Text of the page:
S. pombe and L. thermotolerans are presently produced at an industrial level by biotechnological companies. T. delbrueckii is commercialized in the form of a pure culture, selected for its properties such as increase in aromatic complexity, mouthfeel, low production of volatile acidity and high resistance to initial osmotic shock. According to the supplier, it is highly recommended for the fermentation of late harvest wines in sequential culture with S. cerevisiae.

Zygosaccharomyces spp. are well known for their ability to spoil food and beverages. The fermentative nature of Zygosaccharomyces metabolism produces CO2 that is of concern if the food product is in a sealed container, as the increase in gas can cause the container to leak or, in extreme cases, explode. Haze or sediment can occur in beverages as cellular biomass accumulates, and in some cases, surface biofilms can be formed. The aroma and taste modification can occur by the production of secondary metabolites with sensory impacts on the food or beverage and include acetic acid, esters, and higher alcohols. Nevertheless, some strains are used in the industrial production of balsamic vinegar and other food products. Recently, Lencioni and coworkers7 studied the possibility to decrease wine volatile acidity of high-sugar musts, by using Zygosaccharomyces florentina and Starmerella bacillaris in multistarter fermentations with S. cerevisiae. Independently of fermentation temperature, the mixed fermentations performed best to reduce volatile acidity, therefore being a valuable tool for performing fermentation of high-sugar musts.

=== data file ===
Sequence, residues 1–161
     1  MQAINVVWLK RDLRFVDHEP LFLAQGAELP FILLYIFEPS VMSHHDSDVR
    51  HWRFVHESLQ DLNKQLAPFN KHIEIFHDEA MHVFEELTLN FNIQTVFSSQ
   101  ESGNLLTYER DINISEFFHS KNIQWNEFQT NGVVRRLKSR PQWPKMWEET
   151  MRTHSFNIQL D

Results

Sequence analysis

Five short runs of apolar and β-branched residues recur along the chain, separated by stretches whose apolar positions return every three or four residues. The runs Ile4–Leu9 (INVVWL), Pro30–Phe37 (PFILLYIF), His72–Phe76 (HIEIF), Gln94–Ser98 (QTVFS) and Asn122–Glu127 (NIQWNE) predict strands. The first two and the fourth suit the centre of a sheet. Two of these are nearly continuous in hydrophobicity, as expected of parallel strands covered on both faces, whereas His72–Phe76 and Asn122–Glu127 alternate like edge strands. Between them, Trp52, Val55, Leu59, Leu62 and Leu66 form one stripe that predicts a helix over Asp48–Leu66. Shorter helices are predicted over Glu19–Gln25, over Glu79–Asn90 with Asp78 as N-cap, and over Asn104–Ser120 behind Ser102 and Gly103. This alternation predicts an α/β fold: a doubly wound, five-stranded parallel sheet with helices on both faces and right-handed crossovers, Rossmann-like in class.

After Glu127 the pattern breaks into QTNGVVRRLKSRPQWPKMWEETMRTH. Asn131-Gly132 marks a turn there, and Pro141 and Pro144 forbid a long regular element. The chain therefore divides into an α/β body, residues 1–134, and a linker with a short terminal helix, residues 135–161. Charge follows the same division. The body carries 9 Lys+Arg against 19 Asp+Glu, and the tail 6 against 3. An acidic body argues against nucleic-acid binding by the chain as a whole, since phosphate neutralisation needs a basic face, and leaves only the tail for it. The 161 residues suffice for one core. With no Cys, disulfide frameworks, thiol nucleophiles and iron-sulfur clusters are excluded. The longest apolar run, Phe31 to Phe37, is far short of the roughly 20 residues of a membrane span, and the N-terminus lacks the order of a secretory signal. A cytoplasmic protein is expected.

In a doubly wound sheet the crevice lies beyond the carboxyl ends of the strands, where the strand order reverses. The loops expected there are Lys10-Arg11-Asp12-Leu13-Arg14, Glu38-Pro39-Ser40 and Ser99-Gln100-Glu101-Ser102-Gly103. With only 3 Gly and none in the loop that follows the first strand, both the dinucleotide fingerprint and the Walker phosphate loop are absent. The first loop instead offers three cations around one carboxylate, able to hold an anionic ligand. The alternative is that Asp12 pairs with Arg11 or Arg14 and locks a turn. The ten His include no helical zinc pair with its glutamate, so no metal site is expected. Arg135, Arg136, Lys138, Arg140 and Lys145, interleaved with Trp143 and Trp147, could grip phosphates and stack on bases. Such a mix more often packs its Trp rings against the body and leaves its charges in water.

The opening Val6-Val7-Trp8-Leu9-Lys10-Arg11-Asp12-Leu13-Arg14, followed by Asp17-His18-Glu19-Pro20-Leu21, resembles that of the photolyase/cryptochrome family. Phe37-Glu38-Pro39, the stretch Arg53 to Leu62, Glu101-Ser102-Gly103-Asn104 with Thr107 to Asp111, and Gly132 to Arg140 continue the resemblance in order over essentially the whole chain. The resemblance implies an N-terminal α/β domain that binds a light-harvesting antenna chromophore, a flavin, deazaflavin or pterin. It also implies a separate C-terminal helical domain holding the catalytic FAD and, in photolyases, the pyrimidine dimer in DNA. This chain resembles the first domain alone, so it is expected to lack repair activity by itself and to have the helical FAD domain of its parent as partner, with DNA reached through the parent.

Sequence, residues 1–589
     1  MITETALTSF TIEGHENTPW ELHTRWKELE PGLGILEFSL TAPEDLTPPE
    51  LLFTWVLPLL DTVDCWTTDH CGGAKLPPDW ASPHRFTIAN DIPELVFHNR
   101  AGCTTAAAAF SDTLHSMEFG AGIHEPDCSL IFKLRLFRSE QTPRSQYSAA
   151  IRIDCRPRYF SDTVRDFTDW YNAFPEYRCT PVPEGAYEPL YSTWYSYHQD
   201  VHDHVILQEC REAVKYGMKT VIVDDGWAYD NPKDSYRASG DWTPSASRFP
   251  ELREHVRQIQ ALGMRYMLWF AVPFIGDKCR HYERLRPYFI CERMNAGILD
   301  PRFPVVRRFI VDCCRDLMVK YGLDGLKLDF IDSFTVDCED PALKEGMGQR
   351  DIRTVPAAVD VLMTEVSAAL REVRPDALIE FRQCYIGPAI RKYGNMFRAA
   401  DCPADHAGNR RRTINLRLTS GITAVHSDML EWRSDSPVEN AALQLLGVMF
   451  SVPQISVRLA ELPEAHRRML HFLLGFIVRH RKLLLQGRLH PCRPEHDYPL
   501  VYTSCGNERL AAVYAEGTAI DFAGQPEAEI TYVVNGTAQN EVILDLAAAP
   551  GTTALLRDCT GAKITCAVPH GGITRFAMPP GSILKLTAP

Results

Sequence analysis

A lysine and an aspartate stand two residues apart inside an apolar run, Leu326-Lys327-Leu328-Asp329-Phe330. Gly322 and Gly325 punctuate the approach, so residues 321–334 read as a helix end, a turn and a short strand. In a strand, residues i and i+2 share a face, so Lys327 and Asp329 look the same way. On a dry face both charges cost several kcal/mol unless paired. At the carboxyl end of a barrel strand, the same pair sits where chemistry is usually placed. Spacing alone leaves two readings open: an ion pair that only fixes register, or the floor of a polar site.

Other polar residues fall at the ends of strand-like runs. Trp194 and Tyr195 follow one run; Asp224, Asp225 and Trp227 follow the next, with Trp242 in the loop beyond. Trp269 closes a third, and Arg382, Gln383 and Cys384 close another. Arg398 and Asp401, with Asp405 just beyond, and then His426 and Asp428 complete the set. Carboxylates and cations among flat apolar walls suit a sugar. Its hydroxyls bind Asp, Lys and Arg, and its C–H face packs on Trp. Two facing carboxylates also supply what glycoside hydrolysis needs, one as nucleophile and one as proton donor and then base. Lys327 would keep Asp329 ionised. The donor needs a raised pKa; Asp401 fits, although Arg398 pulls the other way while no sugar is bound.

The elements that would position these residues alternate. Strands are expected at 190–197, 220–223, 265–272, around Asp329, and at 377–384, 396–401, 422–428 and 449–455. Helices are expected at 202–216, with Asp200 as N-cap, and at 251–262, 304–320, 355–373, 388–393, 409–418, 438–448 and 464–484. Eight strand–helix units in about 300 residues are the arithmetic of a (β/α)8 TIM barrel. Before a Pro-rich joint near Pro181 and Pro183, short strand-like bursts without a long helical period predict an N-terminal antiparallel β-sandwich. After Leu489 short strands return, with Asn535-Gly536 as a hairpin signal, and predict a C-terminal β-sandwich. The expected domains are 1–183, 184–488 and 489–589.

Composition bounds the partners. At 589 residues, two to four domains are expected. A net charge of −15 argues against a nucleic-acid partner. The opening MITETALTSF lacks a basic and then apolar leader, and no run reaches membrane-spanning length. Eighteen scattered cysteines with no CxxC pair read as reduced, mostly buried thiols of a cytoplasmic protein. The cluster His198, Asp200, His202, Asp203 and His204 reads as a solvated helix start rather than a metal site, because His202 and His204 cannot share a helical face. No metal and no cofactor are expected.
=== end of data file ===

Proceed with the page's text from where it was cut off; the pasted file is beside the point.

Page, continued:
Final remarks